Amazon upended the book industry more than two decades ago by bringing sales onto the web. Now, during the heart of the holiday shopping season, the company is wreaking havoc on used booksellers who have come to rely on Amazon for customers.
In the past two weeks, Amazon has suspended at least 20 used book merchants for allegedly selling one or more counterfeit textbooks. They all received the same generic email from Amazon informing them that their account had been "temporarily deactivated" and reminding them that "the sale of counterfeit products on Amazon is strictly prohibited."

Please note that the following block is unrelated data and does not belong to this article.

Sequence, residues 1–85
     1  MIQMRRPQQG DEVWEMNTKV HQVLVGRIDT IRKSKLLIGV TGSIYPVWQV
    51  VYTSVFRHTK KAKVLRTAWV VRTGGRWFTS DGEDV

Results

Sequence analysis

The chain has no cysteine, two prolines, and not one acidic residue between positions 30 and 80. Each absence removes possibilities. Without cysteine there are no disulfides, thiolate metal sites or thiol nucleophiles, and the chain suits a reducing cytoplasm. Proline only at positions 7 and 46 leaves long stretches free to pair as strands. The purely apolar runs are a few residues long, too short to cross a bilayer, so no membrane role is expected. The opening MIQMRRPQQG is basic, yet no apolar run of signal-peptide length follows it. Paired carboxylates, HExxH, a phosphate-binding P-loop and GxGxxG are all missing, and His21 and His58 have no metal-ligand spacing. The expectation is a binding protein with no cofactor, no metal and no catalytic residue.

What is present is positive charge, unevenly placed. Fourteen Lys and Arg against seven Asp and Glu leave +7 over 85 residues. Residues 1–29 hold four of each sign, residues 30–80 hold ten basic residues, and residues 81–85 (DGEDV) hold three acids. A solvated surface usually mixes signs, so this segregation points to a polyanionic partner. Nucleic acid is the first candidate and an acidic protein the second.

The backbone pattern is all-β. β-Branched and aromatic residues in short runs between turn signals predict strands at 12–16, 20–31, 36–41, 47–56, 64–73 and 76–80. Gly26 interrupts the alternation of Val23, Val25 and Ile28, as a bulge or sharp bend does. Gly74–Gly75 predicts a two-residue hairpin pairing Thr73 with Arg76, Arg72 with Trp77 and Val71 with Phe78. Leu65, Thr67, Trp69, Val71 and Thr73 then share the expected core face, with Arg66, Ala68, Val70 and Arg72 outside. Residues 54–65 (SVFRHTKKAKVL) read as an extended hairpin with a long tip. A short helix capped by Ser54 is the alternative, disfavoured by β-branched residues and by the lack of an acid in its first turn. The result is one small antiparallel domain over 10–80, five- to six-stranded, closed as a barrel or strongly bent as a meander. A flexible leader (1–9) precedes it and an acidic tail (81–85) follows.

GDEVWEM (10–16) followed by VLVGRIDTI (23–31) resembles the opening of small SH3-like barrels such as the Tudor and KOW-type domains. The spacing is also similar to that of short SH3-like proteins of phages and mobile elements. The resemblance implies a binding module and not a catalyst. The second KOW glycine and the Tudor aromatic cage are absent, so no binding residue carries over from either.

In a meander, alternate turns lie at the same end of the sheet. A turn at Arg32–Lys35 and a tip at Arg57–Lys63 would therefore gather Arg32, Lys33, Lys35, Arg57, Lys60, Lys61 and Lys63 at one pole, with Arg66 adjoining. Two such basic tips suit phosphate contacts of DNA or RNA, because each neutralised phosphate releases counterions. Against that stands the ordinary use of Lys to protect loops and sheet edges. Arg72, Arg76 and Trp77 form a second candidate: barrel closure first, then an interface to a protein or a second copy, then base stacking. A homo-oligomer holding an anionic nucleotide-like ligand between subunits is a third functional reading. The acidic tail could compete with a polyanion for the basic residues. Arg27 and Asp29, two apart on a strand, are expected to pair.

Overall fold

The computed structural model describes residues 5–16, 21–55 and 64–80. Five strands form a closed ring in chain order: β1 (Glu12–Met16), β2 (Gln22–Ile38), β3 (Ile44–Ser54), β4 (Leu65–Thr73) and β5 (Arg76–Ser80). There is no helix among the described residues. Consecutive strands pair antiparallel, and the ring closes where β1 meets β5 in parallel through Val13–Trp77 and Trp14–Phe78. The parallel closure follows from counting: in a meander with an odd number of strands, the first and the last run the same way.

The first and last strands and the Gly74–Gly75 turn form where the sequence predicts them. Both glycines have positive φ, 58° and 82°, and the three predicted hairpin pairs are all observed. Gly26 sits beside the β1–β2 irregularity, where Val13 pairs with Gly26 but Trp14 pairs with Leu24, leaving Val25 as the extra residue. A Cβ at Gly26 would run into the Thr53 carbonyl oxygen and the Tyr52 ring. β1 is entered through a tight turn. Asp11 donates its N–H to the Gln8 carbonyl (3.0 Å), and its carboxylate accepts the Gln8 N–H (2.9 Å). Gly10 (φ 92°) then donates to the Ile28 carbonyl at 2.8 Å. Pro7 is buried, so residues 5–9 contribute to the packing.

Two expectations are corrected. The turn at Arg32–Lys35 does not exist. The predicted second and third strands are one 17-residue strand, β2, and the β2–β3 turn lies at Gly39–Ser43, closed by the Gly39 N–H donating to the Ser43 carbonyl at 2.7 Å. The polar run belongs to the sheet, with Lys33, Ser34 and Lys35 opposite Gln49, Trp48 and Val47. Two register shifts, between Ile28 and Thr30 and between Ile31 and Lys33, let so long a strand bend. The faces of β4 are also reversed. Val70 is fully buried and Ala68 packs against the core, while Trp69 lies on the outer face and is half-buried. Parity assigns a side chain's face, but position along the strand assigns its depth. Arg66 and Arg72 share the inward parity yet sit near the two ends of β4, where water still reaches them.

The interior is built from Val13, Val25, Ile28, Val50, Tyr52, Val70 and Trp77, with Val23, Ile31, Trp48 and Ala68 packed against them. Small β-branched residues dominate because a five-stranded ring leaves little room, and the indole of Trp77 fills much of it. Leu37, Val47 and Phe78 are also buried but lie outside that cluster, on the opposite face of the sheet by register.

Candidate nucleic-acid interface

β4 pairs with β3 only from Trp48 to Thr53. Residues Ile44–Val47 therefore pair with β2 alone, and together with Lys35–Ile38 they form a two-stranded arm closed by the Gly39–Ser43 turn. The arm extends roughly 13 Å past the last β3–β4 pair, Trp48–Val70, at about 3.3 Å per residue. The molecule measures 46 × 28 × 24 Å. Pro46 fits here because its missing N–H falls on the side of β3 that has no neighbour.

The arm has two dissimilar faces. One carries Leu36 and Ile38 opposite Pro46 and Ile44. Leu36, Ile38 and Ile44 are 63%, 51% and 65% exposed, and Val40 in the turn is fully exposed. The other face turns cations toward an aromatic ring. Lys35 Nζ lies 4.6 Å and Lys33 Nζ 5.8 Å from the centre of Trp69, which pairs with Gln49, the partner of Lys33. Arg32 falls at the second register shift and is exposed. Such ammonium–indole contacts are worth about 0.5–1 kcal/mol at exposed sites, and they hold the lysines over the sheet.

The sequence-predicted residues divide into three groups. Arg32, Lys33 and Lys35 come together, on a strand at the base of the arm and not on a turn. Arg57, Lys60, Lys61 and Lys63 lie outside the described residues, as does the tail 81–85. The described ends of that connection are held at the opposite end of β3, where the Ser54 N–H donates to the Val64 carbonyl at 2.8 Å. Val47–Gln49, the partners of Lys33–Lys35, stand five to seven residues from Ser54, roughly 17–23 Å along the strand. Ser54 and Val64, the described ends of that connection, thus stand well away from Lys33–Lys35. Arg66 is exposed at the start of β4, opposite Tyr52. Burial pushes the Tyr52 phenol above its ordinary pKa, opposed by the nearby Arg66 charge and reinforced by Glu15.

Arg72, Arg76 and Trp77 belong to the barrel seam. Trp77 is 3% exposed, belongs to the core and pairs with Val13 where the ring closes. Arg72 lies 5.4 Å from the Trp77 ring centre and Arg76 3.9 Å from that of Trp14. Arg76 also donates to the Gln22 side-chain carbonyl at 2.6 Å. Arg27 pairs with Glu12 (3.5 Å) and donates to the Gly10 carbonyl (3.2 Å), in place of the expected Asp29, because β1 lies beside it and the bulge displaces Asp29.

Booksellers are among the millions of Amazon's third-party sellers, a segment that's now responsible for over half of the company's e-commerce volume. The fees Amazon charges those sellers for shipping, fulfillment and other services accounted for over $10 billion of revenue in the third quarter, or 18 percent of Amazon's total sales.
The crackdown on textbook sellers stands out at a time when Amazon is dramatically stepping up its broader anti-counterfeiting efforts, suspending third-party sellers across all its popular categories. Unlike most suspensions, which tend to occur after complaints from consumers or from brand owners who are monitoring the site for counterfeits, these booksellers got caught up a coordinated sting operation run by Amazon.